A joint report by the Royal Academy of Engineering and the Royal Society presents an ambitious plan for how the UK can lead the way in deploying greenhouse gas removal (GGR) technologies to achieve net-zero carbon emissions by 2050.
Prof John Shepherd FRS, Emeritus Professor in Earth System Science at the University of Southampton, said:
“Prevention is better than cure, so reducing emissions of CO2 is still a better bet than removing it from the air after it has been released. However, CO2 removal technologies are likely to be very useful later this century, to supplement emissions reductions, and compensate for intractable emissions once all other emissions have been eliminated. They will also be essential if we eventually decide that the CO2 level remaining in the atmosphere needs to be reduced too. There are several promising techniques that now need to be further researched and developed, so that they can be deployed when we need them, and there are many opportunities for the UK if we are prepared to invest in them.”
Prof Piers Forster, Director of the Priestley International Centre for Climate at the University of Leeds, said:
“The report nicely summarises current levels of scientific understanding and technological-readiness. We have known for a long-time that we will need to supplement emission reduction measures with CO2 removal technologies. This report takes it to the next level by making practical recommendations for how we can scale up existing methods and develop new ones. A post-Brexit soil management incentive for farmers would help our agricultural industry, biodiversity, food prices and the climate: what’s not to like?”
Prof Andrew Watson FRS, Royal Society Research Professor at the University of Exeter, said:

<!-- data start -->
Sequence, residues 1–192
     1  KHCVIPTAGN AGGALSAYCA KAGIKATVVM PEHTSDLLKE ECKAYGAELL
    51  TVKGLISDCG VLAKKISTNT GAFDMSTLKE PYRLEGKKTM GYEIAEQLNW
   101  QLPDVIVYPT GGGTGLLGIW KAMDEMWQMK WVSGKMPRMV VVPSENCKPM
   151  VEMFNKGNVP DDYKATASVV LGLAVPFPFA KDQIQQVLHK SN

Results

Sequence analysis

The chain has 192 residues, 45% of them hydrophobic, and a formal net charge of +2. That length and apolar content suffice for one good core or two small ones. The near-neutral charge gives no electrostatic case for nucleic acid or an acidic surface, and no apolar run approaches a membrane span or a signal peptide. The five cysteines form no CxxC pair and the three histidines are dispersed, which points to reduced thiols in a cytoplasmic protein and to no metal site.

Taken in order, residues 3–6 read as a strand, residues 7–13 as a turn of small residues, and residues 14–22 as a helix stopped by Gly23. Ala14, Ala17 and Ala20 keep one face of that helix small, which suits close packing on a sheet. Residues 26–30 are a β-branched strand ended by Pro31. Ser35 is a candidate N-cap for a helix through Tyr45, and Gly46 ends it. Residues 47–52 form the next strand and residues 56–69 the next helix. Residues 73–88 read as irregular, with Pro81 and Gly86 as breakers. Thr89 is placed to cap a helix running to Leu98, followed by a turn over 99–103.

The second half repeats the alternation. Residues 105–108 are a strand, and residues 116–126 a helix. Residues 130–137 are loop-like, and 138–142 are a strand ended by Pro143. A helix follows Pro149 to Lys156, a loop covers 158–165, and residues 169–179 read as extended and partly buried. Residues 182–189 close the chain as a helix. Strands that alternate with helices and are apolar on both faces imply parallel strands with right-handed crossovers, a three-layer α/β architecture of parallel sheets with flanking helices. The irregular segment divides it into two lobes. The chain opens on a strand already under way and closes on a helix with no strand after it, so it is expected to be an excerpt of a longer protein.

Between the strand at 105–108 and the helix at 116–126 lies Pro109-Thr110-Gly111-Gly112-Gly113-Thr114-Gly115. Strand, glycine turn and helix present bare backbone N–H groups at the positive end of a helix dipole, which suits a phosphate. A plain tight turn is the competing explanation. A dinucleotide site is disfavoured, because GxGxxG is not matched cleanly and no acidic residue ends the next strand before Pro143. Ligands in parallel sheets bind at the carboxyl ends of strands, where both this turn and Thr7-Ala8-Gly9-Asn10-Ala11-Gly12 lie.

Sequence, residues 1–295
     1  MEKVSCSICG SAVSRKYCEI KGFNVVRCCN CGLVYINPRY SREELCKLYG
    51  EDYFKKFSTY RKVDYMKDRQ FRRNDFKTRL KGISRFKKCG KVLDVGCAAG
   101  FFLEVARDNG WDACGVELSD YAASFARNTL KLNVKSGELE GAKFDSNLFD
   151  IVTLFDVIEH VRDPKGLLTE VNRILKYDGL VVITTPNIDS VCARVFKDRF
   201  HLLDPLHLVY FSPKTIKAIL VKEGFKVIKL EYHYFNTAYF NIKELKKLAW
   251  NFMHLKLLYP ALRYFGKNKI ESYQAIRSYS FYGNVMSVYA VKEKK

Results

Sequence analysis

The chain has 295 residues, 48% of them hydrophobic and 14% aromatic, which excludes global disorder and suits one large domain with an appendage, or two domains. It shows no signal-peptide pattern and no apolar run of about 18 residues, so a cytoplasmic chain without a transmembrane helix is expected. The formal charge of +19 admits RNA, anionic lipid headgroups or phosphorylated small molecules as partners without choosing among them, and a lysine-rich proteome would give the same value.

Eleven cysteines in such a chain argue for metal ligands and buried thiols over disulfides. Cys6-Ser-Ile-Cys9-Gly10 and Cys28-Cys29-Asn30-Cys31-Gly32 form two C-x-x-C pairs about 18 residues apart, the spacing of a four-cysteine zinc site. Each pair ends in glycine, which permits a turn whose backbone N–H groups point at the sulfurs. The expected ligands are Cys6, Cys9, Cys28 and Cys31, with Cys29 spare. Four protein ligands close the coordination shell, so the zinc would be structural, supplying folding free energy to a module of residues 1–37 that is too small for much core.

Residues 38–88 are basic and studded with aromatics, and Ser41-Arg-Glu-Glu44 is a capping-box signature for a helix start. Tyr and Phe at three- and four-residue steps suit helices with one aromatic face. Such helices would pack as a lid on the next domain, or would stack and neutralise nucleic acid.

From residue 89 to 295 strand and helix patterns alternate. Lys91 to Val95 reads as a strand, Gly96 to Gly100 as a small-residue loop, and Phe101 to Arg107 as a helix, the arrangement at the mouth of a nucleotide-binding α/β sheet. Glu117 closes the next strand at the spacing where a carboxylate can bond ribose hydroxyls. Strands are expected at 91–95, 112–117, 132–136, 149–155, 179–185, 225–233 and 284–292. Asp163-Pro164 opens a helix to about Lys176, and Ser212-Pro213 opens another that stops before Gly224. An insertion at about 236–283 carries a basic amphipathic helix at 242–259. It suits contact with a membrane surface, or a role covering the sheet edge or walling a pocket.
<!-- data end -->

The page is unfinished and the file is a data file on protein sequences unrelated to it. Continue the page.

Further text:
“Almost certainly, reducing our emissions will not be sufficient to reach the target for limiting global warming set out in the Paris agreement: in addition, we will need to make extensive use of technologies that actively remove carbon dioxide from the atmosphere. This authoritative report shows that we have technologies do this effectively, starting now. It lays out in some detail the steps that the UK could take to becoming carbon-neutral with the help of these technologies. Overall then it is a positive message, but the report also makes clear that a really big effort is needed if we are really to make a difference.”
Dr Phil Renforth, Lecturer in Engineering Geology at Cardiff University, said:
“The report is bold in calling for field-scale experimentation of untested technologies, and deployment of others. However, it needs to be bold. It looks increasingly likely that we will need to remove billions of tonnes of CO2 per year from the atmosphere alongside rapid emissions reduction so that later this century we will be taking more CO2 out of the atmosphere than we will be putting in. While all of these technologies have limits, it is encouraging that there remains enormous potential. We desperately need the research described in the report to develop these diverse technologies into workable solutions.”
Prof Shepherd: “I was a member of the study group, and am a member of the Advisory Board for the LC3M programme”
Prof Forster: “I was not involved at any stage and I have no conflict of interest”
Prof Watson: “I was a reviewer of the report. I’m a researcher working on aspects of the global carbon cycle, with funding from the Royal Society and research councils. I don’t have any financial interests relevant to the report.”
No others received.